Spider Veins Overview

Are you ready to banish spider veins? Spider veins may appear as clusters of red, blue, or purple veins on the thighs, calves, or ankles—and they sometimes cause bothersome symptoms such as aching, burning, swelling, and night cramps. Sclerotherapy is a relatively simple procedure that can help improve the appearance of your legs. During sclerotherapy treatment, spider veins are injected with a sclerosing solution that causes them to collapse and fade from view.

Although sclerotherapy can enhance your appearance, it is unrealistic to expect that every affected vein will disappear completely as a result of treatment. The procedure treats veins that are currently visible, but it does not prevent new veins from surfacing in the future. Be sure to discuss your expectations with your doctor before you decide to have sclerotherapy.

Planning and Recovery

What to Expect

During your initial consultation, your doctor will examine your legs and identify areas affected by spider veins or other problems. Your doctor will also check for signs of more serious deep vein problems. If any problems are discovered, you will be referred to a vascular surgeon who specializes in varicose veins for further evaluation. Treatment for larger problems must be resolved before treatment of surface veins with sclerotherapy can be done successfully.

Sclerotherapy requires no anesthesia and is usually performed in a doctor’s office. A typical sclerotherapy session lasts about 15 to 45 minutes. During your treatment session, the skin over your spider veins will be cleaned with an antiseptic solution. Your doctor or nurse will inject the sclerosing agent into the affected veins—you may receive anywhere from 5 to 40 injections per treatment session. Although you will feel small needle sticks and possibly a mild burning sensation, the pain is usually minimal. Please note that several treatments are usually required to get the best results.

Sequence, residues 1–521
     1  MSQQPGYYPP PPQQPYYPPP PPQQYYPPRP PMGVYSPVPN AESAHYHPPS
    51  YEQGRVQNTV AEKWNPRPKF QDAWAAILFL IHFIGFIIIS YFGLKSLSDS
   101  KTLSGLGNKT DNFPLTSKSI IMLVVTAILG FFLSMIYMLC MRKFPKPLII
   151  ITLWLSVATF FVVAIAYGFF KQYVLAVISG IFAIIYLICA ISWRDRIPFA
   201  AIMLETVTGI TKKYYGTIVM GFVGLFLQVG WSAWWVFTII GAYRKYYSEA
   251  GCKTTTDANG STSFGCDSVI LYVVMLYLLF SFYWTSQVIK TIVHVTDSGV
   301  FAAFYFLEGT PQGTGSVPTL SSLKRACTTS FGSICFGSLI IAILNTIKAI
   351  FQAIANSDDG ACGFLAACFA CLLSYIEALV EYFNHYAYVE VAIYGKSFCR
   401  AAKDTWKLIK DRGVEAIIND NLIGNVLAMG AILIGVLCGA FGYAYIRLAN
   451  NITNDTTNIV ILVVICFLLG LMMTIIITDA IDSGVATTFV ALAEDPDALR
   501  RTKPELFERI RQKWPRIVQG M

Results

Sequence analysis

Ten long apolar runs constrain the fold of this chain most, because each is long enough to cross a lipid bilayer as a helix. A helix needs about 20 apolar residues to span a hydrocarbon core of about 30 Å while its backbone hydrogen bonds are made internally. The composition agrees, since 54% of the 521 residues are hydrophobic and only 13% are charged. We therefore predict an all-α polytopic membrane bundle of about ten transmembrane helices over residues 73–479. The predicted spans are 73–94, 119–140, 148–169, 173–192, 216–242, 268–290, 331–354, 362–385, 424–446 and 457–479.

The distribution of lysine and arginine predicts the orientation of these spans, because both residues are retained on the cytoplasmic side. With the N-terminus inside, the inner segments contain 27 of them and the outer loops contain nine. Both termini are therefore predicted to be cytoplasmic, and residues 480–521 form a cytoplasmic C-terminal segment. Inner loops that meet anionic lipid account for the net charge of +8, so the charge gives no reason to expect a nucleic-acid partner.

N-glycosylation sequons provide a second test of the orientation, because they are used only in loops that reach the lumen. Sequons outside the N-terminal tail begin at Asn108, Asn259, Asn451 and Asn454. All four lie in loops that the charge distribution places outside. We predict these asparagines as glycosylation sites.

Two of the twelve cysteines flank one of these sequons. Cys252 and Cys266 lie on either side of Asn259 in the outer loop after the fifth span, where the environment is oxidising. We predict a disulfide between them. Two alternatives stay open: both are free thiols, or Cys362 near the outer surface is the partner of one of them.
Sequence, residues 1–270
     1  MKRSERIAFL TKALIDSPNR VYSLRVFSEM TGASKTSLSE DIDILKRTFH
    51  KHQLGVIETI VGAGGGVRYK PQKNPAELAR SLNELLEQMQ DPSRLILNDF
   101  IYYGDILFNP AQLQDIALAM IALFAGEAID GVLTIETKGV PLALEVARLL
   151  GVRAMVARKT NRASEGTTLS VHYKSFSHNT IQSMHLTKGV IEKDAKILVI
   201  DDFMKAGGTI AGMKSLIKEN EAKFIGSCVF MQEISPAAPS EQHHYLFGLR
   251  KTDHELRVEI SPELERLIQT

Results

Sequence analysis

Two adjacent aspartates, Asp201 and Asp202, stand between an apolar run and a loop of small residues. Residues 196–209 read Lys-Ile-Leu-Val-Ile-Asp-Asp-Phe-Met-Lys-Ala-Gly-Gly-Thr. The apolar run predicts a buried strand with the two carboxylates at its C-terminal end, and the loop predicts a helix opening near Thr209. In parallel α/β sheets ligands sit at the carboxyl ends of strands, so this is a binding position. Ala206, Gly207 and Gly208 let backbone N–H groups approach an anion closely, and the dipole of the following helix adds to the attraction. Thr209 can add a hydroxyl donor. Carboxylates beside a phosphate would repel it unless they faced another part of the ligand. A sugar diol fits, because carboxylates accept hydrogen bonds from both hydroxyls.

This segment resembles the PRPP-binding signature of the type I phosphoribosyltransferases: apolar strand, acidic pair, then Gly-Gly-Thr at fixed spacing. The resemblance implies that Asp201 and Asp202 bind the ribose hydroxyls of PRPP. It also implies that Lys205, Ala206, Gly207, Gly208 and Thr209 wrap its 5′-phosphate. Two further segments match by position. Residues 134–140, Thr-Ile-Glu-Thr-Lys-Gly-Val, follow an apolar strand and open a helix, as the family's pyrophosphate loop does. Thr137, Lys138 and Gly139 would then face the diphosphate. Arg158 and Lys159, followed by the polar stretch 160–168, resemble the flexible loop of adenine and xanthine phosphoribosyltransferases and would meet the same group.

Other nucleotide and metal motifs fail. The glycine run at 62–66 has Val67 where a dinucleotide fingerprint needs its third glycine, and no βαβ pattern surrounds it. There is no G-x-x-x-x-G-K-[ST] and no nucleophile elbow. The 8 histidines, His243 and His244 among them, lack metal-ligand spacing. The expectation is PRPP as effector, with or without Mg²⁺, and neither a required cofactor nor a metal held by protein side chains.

Recovery After Sclerotherapy

You will have cotton balls and compression tape applied to the affected area following treatment. Your doctor may also prescribe tight-fitting compression stockings to guard against blood clots and promote healing. Keep in mind, the veins in your legs will look worse before they begin to look better. Your legs may be bruised or slightly discolored for some weeks afterward. In some cases, irregularities with pigmentation (brownish splotches) may take months or up to a year to completely fade.

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Frequently Asked Questions

The costs for sclerotherapy will vary based on your specific needs. Most insurance plans do not cover cosmetic procedures. When you come in for your consultation visit, we’ll be better able to discuss fees in detail with you. Our staff will also review the financing options available.

You may be advised to postpone sclerotherapy if you are pregnant or breastfeeding. Spider veins that appear during pregnancy often disappear on their own within three months after your baby is born, so it’s best to wait. Also, nursing mothers are advised to wait until they have stopped breastfeeding, because it’s not known how sclerosing solutions may affect breast milk.

Although serious medical complications from sclerotherapy are extremely rare when the procedure is performed by a qualified plastic surgeon, they can occur. Risks include blood clots in the veins, severe inflammation, allergic reaction to the sclerosing solution, and skin injury that could leave a small scar.

Your doctor will provide instructions on how to prepare for your treatment. Follow these instructions carefully to help the procedure go more smoothly. You should not apply any type of moisturizer, sunscreen, or oil to your legs on the day of your procedure. You may want to bring shorts to wear during the injections and physician-prescribed compression stockings to wear after your treatment session.

Your veins will appear lighter after each sclerotherapy session. Two or more sessions are usually needed to achieve the best results. Also keep in mind, as time passes you may decide to have further sclerotherapy to treat new spider veins that appear.

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